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    Bill 32 - The Ordre des ingénieurs du Québec asks the government to reinforce the Bill by making long-term planning obligatory

    jeudi 15 novembre 2007
    • At today's parliamentary commission hearings, the Ordre des ingénieurs du Québec (OIQ) asked that Bill 32 require infrastructure managers to produce long-term action and financing plans so that their infrastructures can offer a satisfactory level of service at the lowest cost to society.
    • While welcoming the initiative that the bill represents, The OIQ thinks that it ought to clearly distinguish between investments intended to maintain or restore existing infrastructures and those for development projects.


      Maintenance and restoration are obligations dictated by the requirements of safety, health and the public interest. Development investments, on the other hand, are socio-economic or political choices, not obligations dictated by the principles of sound infrastructure management. "The government and infrastructure managers must give priority to correcting the maintenance deficit before considering new developments," pointed out Mr. Zaki Ghavitian, Eng., the OIQ's president.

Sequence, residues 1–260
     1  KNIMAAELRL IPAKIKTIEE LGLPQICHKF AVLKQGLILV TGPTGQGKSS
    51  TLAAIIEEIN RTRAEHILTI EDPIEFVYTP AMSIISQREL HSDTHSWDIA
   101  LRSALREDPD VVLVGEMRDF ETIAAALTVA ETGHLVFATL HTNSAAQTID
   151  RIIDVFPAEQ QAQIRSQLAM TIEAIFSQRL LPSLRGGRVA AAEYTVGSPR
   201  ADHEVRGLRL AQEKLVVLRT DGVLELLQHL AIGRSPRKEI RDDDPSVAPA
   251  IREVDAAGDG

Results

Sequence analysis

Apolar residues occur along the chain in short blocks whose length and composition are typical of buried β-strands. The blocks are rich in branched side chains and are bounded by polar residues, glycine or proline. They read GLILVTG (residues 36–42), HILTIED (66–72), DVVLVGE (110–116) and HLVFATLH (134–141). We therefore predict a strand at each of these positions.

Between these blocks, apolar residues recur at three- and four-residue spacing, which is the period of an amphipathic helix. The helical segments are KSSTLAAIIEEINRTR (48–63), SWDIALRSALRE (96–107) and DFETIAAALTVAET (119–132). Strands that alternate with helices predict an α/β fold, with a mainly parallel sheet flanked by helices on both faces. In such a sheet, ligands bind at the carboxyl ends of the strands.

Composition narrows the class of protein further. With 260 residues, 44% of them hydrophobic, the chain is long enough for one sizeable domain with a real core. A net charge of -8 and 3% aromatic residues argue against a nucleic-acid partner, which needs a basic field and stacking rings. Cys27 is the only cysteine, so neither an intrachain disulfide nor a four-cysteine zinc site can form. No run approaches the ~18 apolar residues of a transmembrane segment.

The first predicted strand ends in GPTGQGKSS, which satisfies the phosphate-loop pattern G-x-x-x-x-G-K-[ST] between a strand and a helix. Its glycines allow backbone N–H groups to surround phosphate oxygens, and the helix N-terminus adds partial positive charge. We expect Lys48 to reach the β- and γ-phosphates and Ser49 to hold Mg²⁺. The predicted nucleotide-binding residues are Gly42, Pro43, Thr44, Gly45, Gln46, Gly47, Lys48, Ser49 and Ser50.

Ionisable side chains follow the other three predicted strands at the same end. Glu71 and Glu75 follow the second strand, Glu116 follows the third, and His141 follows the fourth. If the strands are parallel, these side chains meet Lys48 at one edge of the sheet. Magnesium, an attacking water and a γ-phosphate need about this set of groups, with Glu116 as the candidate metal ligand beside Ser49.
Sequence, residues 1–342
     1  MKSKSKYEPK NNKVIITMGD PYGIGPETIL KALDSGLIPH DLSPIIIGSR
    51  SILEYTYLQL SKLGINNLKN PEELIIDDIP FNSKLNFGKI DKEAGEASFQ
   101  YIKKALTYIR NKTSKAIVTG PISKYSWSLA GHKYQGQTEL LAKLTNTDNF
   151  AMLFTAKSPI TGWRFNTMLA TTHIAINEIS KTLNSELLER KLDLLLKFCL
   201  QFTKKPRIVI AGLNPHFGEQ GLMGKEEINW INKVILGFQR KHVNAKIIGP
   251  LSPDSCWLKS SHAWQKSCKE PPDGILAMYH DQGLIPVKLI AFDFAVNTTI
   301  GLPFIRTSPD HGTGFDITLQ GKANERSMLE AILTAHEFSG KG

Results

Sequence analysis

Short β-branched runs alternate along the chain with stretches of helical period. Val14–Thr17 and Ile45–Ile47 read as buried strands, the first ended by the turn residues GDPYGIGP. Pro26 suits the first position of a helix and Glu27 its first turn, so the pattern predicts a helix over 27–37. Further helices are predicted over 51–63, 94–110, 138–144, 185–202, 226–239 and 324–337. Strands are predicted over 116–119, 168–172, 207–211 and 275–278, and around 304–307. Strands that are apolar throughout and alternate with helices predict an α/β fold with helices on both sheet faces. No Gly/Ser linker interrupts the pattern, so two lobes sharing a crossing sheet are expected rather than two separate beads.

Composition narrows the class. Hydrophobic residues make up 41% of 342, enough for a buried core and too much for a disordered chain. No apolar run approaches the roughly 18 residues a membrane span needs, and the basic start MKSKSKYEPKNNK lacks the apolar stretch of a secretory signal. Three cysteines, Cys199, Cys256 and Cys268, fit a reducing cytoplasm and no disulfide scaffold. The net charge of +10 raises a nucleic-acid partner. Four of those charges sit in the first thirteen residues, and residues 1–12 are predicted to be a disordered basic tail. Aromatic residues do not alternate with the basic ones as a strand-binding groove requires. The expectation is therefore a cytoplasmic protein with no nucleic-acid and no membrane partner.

The OIQ also recommends that the maintenance and refurbishing programs that result from the action plans be included in long-term investment plans, covering a ten-year period. To that effect, the OIQ's president is recommending the creation of a monitoring and follow-up agency. According to Mr. Ghavitian, "the action plans must be submitted to this independent agency, which then makes the necessary checks, consolidates the information and sends it to the Treasury Board. It must act in total transparency so that it can inform society about the choices it faces and restore public confidence." It should be given the responsibility of reporting to government on the general state of infrastructure management, especially with respect to maintenance deficits and investments.


      With regard to large-project governance, the OIQ notes that the government has decided to make substantial use of public-private partnerships. Without criticizing the value of this form of execution, the OIQ insists that it is essential for any large project to satisfy rigor, quality, expertise and competence criteria in its execution.

      About the Ordre des ingénieurs du Québec
      Founded in 1920, the Ordre des ingénieurs du Québec has a membership of more than 60,000 engineering professionals in all fields, except forest engineering.
      Mission
      The mission of the OIQ is to ensure the protection of the public by supervising the practice of the profession within the framework of its constituent laws and ensure that the profession serves the public interest.

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